Oh dear, I feel terrible for not updating the blog regularly. It's been pure forgetfulness on my part. I'm once again in the bad habit of reading but not reviewing. Hopefully I'm not too rusty. :)
Seventeen-year-old Amy joins her parents as frozen cargo aboard the vast spaceship Godspeed and expects to awaken on a new planet, three hundred years in the future. Never could she have known that her frozen slumber would come to an end fifty years too soon and that she would be thrust into the brave new world of a spaceship that lives by its own rules.
Amy quickly realizes that her awakening was no mere computer malfunction. Someone-one of the few thousand inhabitants of the spaceship-tried to kill her. And if Amy doesn't do something soon, her parents will be next.
Now Amy must race to unlock Godspeed's hidden secrets. But out of her list of murder suspects, there's only one who matters: Elder, the future leader of the ship and the love she could never have seen coming.
So I knew this book was going to be big the moment I saw Hunger Game references abound (it's the Hunger Games of space books! analysts shouted) and it's impeccably designed cover appeared in Costco. (Only the heavy hitters sell in non-bookstores.)
And Across the Universe certainly opens to a marvelous first chapter--the haunting description of Amy and her parents being frozen into a mummy-esque state for the next 300 years is completely engrossing. I had only to read the first page before I decided to buy Across the Universe. I think this:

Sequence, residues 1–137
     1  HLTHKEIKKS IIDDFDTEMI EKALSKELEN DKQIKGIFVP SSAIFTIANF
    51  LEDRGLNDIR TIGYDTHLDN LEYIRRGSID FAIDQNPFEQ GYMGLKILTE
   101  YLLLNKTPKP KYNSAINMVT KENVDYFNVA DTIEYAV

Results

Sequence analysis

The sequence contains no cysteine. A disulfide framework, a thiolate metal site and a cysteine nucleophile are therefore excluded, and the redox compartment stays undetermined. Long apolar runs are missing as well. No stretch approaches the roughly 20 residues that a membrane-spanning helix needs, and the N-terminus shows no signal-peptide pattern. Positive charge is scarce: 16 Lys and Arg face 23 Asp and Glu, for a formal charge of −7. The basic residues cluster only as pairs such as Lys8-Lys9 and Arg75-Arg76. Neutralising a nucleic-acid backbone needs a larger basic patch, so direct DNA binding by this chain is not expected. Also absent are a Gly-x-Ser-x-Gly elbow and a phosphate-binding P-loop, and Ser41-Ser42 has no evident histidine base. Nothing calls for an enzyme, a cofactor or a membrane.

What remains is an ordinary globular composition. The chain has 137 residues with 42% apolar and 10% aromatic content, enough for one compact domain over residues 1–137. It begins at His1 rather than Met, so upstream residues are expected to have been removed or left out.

"Mom wanted me to go first. I think it was because she was afraid that after they were constrained and frozen, I'd walk away, return to life rather than consign myself to that cold, clear box. But Daddy insisted."
Is perhaps one of the best YA paragraphs I've ever read--something to do with the rhythm, Amy's voice slicing clear through it.
Unfortunately, the book failed to live up to it's glorious first chapter.
1. The characters (not enough depth). POV consequently suffers because of this.
Across the Universe is narrated by a duo: Amy, the Earth girl, the one who opens and closes the book, the one who's the reader's friend, the one we can relate to. And then, Elder: oh, he's such a darling boy. I liked him as a character a lot, but seventeen years living in a screwed up, totalitarian society certainly leaves its mark.
At first, I liked Amy. She was relatable. But as the chapters progressed, I quickly grew bored with her narration. I began to question why she was even a POV in this book, other than to form a bridge with the reader, with her unlikely tales of a futuristic Earth (Yearbook staffer, check. Cross country runner, check. Boyfriend left behind? Check) that we can relate to oddly out of place and unrealistic*. And then, there's the very problem that Elder idolizes her so much--makes her seem more like an object, less human, by the very dint of this lionizing. Soon, I got the impression that Amy was only special because she's from Earth. This is her defining characteristic--she's an Earthling amongst a ship filled with crazed and confused people. Somehow, I want more out of a main character other than an ability to chirp about Earth-related activities and recognize that things are way weird on this ship--I can do that myself, thanks. Although, her determination to continue on without her parents is a show of strength.
Elder is sweet, for all his tendencies to back down (he's only been conditioned to do this from the day he was born! I want to shout at all his naysayers). And moving past his overwhelming tendency to view Amy as something he has control over, he's got good intentions. I really wish that the entirety of the book had been narrated from Elder's POV--I think it would have led to a much stronger novel, overall. But as such, I can only say I much preferred his chapters to Amy's--his relationship with the ship's leader Eldest is particularly intriguing, his knowledge of the ship, and struggle to understand betrayal and shake himself from an upbringing built on lies is the core of the book and where the themes are rooted.